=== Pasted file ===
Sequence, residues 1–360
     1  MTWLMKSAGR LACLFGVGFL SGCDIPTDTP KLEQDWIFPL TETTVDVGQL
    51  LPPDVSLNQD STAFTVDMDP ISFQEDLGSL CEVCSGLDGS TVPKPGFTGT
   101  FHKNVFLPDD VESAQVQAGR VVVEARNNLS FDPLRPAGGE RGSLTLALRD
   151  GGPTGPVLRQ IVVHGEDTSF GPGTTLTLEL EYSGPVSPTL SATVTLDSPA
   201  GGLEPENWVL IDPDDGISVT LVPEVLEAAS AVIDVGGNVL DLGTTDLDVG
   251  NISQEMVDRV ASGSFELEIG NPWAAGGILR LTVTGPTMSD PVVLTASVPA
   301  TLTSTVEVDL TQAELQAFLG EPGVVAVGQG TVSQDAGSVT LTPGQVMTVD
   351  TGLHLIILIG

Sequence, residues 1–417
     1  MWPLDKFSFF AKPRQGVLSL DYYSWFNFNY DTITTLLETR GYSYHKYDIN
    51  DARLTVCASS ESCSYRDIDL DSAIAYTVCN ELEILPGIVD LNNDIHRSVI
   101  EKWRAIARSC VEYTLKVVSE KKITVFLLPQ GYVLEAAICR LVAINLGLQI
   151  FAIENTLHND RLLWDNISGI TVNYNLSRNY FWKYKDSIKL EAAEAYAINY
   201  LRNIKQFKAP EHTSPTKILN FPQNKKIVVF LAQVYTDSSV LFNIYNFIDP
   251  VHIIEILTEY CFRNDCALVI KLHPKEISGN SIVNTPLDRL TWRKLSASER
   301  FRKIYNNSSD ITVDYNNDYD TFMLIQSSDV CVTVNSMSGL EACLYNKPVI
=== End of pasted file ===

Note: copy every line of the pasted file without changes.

Sequence, residues 1–360
     1  MTWLMKSAGR LACLFGVGFL SGCDIPTDTP KLEQDWIFPL TETTVDVGQL
    51  LPPDVSLNQD STAFTVDMDP ISFQEDLGSL CEVCSGLDGS TVPKPGFTGT
   101  FHKNVFLPDD VESAQVQAGR VVVEARNNLS FDPLRPAGGE RGSLTLALRD
   151  GGPTGPVLRQ IVVHGEDTSF GPGTTLTLEL EYSGPVSPTL SATVTLDSPA
   201  GGLEPENWVL IDPDDGISVT LVPEVLEAAS AVIDVGGNVL DLGTTDLDVG
   251  NISQEMVDRV ASGSFELEIG NPWAAGGILR LTVTGPTMSD PVVLTASVPA
   301  TLTSTVEVDL TQAELQAFLG EPGVVAVGQG TVSQDAGSVT LTPGQVMTVD
   351  TGLHLIILIG

Sequence, residues 1–417
     1  MWPLDKFSFF AKPRQGVLSL DYYSWFNFNY DTITTLLETR GYSYHKYDIN
    51  DARLTVCASS ESCSYRDIDL DSAIAYTVCN ELEILPGIVD LNNDIHRSVI
   101  EKWRAIARSC VEYTLKVVSE KKITVFLLPQ GYVLEAAICR LVAINLGLQI
   151  FAIENTLHND RLLWDNISGI TVNYNLSRNY FWKYKDSIKL EAAEAYAINY
   201  LRNIKQFKAP EHTSPTKILN FPQNKKIVVF LAQVYTDSSV LFNIYNFIDP
   251  VHIIEILTEY CFRNDCALVI KLHPKEISGN SIVNTPLDRL TWRKLSASER
   301  FRKIYNNSSD ITVDYNNDYD TFMLIQSSDV CVTVNSMSGL EACLYNKPVI